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Fr. Richard McBrien and Others Mislead Catholic Public: Allege Schiavo Feeding Tube Removal OK

3/8/2006 - 3:39 PM PST

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March 8, 2006

J.P. Hubert Jr. MD FACS
Catholic Biomedical Ethicist

©CCWVA

Recently, multiple revisionist Catholic writers including some “Catholic” Theologians have opined on the significance of the Terry Schiavo case asserting that it was morally licit to remove her feeding tube, thus insuring that she would die of dehydration. This author has rebutted them in the past.[1] Unfortunately, various writers continue to promulgate opinions which contradict constant Catholic magisterial teaching as if it were compatible with orthodox Catholic belief and practice. The latest article adds to the perfidy by incredibly; alleging that the late Holiness Pope John Paul II’s 2004 allocution on the Persistent Vegetative State was itself “revisionist.”[2]

In the past several days, Paul Lauritzen PhD, in an article for Commonweal Magazine 3/7/2006 entitled: “Revisiting Schiavo case – Feeding-tube removal raised question about Catholic end-of-life teachings” joined a number of other Catholic writers all of whom question the clear teaching of the Magisterium and that of our late Holy Father His Holiness John Paul II on the issue of the obligatory nature of providing nutrition to patients in whom a diagnosis of persistent vegetative state (PVS) has been made or those otherwise severely disabled patients who are unable to provide for their own sustenance. In so doing, Mr Lauritzen has quoted incorrectly, incompletely and out of context from Vatican statements in an apparent attempt to establish the antithesis of actual magisterial teaching. For example, he writes:

“To see what assumptions are embedded in the claim that Schiavo was euthanized, it is useful to consider the definition of euthanasia set out in the Vatican’s 1980 Declaration on Euthanasia. According to the declaration, euthanasia is ‘an action or an omission which of itself or by intention causes death, in order that all suffering may in this way be eliminated. Euthanasia’s terms of reference, therefore, are to be found in the intention of the will and in the methods used.’

Framed in this way, the Schiavo case throws into sharp relief a central moral question raised by the prospect of withdrawing a feeding tube from any patient in a persistent vegetative state (PVS). Do we inevitably intend death when we remove a feeding tube from a PVS patient?”

First the Declaration on Euthanasia was promulgated in 1981 a reference for which is included in the bibliography. Second, the short quotation selected is so diminutive and out of context as to be unintelligible. Third, Professor Lauritzen commits the same error that so many revisionist (dissenting) Catholic moral theologians do by incorrectly asserting that the only morally relevant issue is that of “intent” carefully avoiding the other two important components of every moral decision that of the “object rationally chosen” and the “circumstances.” According to orthodox Catholic teaching, if the object rationally chosen is morally illicit, the moral act can never be made licit by appealing to a purportedly admirable “intent” which is what Mr. Lauritzen attempts to do in the short snippet included above.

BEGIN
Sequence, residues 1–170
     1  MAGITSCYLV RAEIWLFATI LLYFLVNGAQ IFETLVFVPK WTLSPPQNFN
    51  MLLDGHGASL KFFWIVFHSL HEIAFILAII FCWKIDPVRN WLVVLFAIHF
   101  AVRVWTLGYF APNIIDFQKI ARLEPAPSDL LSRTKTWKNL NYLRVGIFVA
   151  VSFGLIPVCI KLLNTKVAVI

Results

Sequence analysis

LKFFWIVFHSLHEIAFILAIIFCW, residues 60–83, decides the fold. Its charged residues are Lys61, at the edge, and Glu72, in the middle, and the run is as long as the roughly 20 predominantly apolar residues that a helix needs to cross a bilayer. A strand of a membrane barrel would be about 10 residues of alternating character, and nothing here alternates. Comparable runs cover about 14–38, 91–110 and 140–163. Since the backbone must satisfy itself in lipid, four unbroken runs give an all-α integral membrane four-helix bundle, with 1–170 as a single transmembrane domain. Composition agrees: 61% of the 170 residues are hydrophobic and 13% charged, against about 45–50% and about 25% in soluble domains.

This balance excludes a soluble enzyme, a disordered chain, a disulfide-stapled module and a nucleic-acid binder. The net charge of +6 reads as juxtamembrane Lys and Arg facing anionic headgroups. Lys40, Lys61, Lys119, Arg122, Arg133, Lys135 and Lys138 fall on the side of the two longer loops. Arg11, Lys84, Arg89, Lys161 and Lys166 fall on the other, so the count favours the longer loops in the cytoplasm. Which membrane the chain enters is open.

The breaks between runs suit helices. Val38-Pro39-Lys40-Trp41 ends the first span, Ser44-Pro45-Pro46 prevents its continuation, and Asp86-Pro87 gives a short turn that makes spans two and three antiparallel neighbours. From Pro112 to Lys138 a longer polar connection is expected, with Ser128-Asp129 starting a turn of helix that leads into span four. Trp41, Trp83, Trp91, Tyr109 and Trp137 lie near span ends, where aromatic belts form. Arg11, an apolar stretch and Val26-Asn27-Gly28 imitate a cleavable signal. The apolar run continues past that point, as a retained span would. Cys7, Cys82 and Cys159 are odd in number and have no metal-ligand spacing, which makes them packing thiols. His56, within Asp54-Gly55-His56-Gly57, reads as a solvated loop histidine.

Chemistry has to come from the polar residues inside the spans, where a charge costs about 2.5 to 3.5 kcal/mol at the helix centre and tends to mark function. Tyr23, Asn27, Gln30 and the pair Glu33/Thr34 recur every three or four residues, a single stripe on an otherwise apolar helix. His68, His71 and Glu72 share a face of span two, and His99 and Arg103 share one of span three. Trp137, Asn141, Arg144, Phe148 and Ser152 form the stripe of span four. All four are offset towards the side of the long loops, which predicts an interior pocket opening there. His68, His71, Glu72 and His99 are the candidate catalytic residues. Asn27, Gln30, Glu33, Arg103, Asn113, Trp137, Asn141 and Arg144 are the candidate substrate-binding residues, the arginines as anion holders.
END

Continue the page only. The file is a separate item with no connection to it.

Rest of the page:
With regard to the issue of providing sustenance to a person in whom a diagnosis of PVS has been made, the Magisterium has spoken definitively that food and water are ordinary supportive care not medical treatment and to withhold them irrespective of the “intent” is gravely immoral.[3] Removing a feeding tube from such a person, (a PVS patient) who is totally dependent upon it for food and water is to choose to kill them by omission (object rationally chosen). In other words, the object rationally chosen is morally illicit and thus the moral act is illicit irrespective of the intent or circumstances. This was pointed out explicitly by Pope John Paul II in 2004.[4] He wrote:

“The obligation to provide the ‘normal care due to the sick in such cases’ (Congregation for the Doctrine of the Faith, ‘Iura et Bona,’ p. IV) includes, in fact, the use of nutrition and hydration… Death by starvation or dehydration is, in fact, the only possible outcome as a result of their withdrawal. In this sense it ends up becoming, if done knowingly and willingly, true and proper euthanasia by omission (emphasis mine).

In this regard, I recall what I wrote in the Encyclical Evangelium Vitae, making it clear that "by euthanasia in the true and proper sense must be understood an action or omission which by its very nature and intention brings about death, with the purpose of eliminating all pain"; such an act is always "a serious violation of the law of God, since it is the deliberate and morally unacceptable killing of a human person" (n. 65).”

Professor Lauritzen attempts to play the “word game” by emphasizing the significance of the word “direct”[5] with respect to euthanasia essentially positing that ...

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